By Isaac Butler
I am currently reading Mary Oliver's A Poetry Handbook to help brush up on issues in poetry pedagogy prior to teaching a poetry creative writing unit in the fall. She has some rather interesting ideas about the teaching of poetry, particularly poetry "of the past."
Oliver notes that the cannon of Western poetry has as a barrier to entry knowledge of metrical structures and prosody. If you don't understand how meter, rhyme and classical verse forms work, you're basically missing a giant piece of the puzzle. "How much of the poem's effect is missed by students who are not really familiar with metrics and other devices of construction?" she wonders, going on to argue, "The poem is always a blending of statement and form, which is intentional and meant to be clarifying."
Oliver is no anti-canonist. She loves the history of poetry, calling it the cake on top of which the free verse era is just the icing. But she also acknowledges that metrical poets were working out of a tradition that we have moved far away from, and for an audience familiar with the rules of metrica poetry. She goes on to argue the following:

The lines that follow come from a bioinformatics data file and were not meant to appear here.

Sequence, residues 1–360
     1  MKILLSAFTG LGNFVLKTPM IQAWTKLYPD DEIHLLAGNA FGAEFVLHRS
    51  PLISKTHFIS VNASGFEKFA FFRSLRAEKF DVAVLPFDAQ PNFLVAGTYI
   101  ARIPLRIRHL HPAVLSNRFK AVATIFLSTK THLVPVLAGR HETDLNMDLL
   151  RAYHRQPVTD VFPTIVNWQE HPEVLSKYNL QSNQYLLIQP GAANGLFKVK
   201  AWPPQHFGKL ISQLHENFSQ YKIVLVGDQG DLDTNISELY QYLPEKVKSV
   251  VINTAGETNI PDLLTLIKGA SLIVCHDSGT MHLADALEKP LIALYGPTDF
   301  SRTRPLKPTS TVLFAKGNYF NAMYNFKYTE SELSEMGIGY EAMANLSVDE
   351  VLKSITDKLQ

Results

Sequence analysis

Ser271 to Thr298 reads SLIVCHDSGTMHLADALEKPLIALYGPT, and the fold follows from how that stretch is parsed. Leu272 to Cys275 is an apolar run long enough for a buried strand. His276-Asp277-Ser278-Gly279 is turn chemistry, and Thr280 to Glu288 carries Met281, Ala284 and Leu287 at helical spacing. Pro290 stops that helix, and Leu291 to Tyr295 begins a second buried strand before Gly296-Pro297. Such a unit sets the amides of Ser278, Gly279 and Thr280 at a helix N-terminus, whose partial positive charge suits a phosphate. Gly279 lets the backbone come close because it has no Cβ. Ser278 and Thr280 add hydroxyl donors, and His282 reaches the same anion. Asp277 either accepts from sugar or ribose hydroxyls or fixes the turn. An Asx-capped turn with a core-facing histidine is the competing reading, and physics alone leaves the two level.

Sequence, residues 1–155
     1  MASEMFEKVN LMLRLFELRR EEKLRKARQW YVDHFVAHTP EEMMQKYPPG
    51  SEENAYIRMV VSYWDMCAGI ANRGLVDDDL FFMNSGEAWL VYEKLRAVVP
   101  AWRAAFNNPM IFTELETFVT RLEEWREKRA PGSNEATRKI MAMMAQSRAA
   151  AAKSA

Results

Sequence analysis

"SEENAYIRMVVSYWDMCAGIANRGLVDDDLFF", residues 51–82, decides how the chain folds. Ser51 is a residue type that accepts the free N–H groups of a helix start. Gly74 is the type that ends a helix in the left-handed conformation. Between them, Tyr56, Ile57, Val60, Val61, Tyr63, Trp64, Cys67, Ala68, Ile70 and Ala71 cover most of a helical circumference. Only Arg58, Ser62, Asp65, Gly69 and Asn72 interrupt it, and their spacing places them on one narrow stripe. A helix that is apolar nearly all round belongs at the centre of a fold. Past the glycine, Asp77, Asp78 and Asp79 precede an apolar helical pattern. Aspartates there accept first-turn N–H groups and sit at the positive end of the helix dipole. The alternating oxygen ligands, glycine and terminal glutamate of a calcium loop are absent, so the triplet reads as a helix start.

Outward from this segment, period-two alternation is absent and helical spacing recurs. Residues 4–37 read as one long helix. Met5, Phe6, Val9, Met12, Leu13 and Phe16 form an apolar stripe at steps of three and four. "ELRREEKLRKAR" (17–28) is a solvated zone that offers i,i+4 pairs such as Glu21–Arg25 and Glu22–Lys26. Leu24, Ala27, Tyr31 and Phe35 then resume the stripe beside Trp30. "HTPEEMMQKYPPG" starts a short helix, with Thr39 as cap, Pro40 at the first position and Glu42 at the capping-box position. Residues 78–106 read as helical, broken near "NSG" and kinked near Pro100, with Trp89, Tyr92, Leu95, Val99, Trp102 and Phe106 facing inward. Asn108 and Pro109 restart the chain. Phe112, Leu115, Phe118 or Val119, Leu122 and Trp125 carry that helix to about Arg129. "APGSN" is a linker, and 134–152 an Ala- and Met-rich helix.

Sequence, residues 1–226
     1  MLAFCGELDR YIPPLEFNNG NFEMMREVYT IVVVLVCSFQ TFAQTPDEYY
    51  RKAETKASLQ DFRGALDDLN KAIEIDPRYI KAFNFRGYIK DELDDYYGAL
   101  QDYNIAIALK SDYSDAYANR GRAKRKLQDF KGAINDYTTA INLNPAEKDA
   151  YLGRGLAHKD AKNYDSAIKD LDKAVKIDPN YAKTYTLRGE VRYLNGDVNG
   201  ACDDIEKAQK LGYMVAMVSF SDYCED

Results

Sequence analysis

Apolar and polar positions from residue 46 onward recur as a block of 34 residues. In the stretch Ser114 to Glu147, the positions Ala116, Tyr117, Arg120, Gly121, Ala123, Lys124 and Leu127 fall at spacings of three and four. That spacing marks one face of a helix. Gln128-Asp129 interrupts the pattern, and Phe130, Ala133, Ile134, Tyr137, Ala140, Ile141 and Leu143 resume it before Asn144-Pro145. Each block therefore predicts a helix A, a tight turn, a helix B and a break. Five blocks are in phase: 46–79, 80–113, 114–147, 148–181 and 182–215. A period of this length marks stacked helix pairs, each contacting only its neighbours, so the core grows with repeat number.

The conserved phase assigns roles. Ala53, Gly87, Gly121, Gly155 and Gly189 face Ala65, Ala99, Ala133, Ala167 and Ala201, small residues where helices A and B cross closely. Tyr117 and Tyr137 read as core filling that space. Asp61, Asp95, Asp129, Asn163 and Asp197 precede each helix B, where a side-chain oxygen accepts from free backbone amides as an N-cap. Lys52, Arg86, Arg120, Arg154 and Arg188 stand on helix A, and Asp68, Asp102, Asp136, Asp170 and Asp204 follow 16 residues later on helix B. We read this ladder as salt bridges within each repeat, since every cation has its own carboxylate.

Conventionally, English and American literature are studied chronologically-- according to historical passage-- and without doubt this is the best way, as central motivations and ideas, moving from one to another, should be thought about in consecutive order. But this chronology is not so necessary for the creative writing student-- and, in fact, the presentation of metrical verse first is often so off-putting that it is worthwhile letting it rest on its tracks... later, as students become more confident, ambitious and sophisticated, [I suggest] that they move on to (or back to) the difficult patters of metrical verse.
What if we applied it to literature? What if we moved backwards from the familiar into the strange? Oliver goes to bat for the consecutive nature of ideas, but following an artist back into their influences is another perfectly valid way to journey through work. What if we flipped, say, the way survey of western drama is taught and start with Angels and end with The Oresteia? Why does the conversation have to move forward in time from the beginning?
Honestly, I ask these questions because I'm not sure of the answers. I have long had the idea of structuring a course around looking at one artist and then branching backwards through to their influences as an experiment, but I don't know what the trade offs of such a structure would be.